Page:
Little Heart Records rose from a cage match that label founder Bryan Puckett had with his own mortality. “I am not the healthiest human being,” he tells LEO over dinner at the Oriental House. “Most of my doctors have told me I’ll be lucky to push 40; I’m 31. Being told I’m lucky to push 40, I’ve pretty much decided I’m not having kids — this is what I’m doing instead. Other people make babies, I make records. This has become my singular focus. I talk about this label the way people talk about their kids. I unfold my wallet, and there’s a wad of album covers for records I’ve put out."
In a conversation about the label’s pending sixth anniversary, looking at his wallet, I ask abo ut the first album he ever put out. “Yeah, I remember it … but I don’t wanna talk about it.”
“So there’s no nostalgia in that release at all?,” I ask, pushing a little further, our plates of Chinese food cooling as we talk. “Umm … no, not really,” Puckett continues. “When I released the rights back to the band, it just felt like another thing to do on my checklist that day. I didn’t even think about it, really.”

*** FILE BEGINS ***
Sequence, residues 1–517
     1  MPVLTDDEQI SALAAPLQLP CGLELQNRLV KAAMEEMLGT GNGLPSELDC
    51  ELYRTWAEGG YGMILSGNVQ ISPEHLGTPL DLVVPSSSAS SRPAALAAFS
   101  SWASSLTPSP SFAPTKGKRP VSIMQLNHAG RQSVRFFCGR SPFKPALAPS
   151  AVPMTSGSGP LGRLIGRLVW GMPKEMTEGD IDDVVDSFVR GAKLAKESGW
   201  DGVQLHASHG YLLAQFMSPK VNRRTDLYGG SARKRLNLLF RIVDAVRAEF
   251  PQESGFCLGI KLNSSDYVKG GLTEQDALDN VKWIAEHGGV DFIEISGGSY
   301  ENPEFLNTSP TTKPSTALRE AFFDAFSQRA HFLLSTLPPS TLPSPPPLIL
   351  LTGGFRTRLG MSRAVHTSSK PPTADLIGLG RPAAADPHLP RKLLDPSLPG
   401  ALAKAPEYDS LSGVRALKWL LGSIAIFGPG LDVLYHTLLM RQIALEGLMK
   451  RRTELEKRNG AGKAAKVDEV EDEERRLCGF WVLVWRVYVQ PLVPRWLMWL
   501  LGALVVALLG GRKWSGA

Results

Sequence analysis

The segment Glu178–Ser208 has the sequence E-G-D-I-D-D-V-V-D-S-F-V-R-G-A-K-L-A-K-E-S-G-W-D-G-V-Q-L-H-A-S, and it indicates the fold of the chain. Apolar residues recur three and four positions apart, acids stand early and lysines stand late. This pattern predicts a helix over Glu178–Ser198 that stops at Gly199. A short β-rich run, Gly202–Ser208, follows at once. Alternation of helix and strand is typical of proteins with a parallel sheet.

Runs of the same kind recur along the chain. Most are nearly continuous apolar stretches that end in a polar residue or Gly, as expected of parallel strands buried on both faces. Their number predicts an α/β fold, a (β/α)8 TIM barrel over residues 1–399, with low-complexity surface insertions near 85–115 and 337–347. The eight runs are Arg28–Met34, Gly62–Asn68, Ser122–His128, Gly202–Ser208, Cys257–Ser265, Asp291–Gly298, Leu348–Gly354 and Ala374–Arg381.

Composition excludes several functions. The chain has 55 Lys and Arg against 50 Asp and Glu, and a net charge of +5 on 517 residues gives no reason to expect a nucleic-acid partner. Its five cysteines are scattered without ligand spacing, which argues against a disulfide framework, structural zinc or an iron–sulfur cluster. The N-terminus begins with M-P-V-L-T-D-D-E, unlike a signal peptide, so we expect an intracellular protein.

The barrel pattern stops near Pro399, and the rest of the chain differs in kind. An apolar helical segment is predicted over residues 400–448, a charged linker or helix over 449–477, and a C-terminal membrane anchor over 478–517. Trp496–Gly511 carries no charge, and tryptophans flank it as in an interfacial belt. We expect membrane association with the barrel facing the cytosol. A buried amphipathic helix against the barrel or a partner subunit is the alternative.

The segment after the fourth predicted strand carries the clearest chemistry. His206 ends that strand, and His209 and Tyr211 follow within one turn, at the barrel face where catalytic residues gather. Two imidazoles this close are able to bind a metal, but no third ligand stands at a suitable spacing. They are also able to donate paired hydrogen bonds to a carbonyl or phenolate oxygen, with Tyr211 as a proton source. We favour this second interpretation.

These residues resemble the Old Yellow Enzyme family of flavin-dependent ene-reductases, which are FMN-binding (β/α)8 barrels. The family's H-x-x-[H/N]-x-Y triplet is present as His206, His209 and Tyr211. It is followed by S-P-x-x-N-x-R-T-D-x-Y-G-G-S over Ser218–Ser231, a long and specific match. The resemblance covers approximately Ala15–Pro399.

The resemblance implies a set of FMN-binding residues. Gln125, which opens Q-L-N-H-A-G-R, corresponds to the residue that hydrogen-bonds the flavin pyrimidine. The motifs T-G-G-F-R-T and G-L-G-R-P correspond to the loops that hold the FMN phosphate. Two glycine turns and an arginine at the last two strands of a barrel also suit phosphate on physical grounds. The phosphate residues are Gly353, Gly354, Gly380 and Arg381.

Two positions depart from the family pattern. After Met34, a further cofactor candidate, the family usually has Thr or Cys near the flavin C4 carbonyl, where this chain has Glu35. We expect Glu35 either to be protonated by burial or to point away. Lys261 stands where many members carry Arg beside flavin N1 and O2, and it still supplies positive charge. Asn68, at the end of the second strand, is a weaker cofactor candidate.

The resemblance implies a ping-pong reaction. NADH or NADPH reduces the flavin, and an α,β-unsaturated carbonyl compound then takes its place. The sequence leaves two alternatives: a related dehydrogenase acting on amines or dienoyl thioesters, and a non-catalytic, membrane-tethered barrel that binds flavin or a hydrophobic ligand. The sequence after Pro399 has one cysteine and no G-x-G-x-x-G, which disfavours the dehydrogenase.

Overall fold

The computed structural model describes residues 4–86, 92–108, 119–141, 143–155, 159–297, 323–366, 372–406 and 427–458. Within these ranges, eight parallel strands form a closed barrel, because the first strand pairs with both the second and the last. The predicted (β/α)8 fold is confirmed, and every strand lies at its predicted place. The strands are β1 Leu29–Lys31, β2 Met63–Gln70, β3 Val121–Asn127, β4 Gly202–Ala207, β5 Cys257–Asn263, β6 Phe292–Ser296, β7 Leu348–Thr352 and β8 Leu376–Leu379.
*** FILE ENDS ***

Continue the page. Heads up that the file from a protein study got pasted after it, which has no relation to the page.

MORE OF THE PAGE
Puckett — born with a rare heart condition that inspired the name of his label — runs a small operation, mostly out of his condo in St. Matthews. On most days, his home looks more like a cross between a hobbit-hole and a record library. Boxes of vinyl, CDs and digital download cards are stacked everywhere with seemingly little method to the madness, but somehow, among the clutter, nothing ever gets lost and everything gets out.
For now, his focus is on the label’s ambitious sixth anniversary celebration. “The first night will be all of our acoustic acts. On the second night, the early show is all of our pop-punk and power-pop bands. Second night, late show, is going to be our hardcore bands. And night three is what I’m calling party night — we’ll have R&B, hip-hop and just some all-around party bands.”
A sprawling event culminating in four shows with 17 bands — including Skyscraper Stereo, Late Ones, The Codas, Common Collective and the reunited Nixon — over the course of three days, it’s an idea that sprang from lessons learned in previous celebrations. “Last year, we tried to put as much on one show as possible — we had nine acts in four-and-a-half hours. There were a lot of people there, but some of them just looked like, ‘Oh my God, this is too much.’ So I wanted to break it up some.”
Little Heart Records anniversary festival
Jan. 6-8 • Various locations
Weekend pass: $11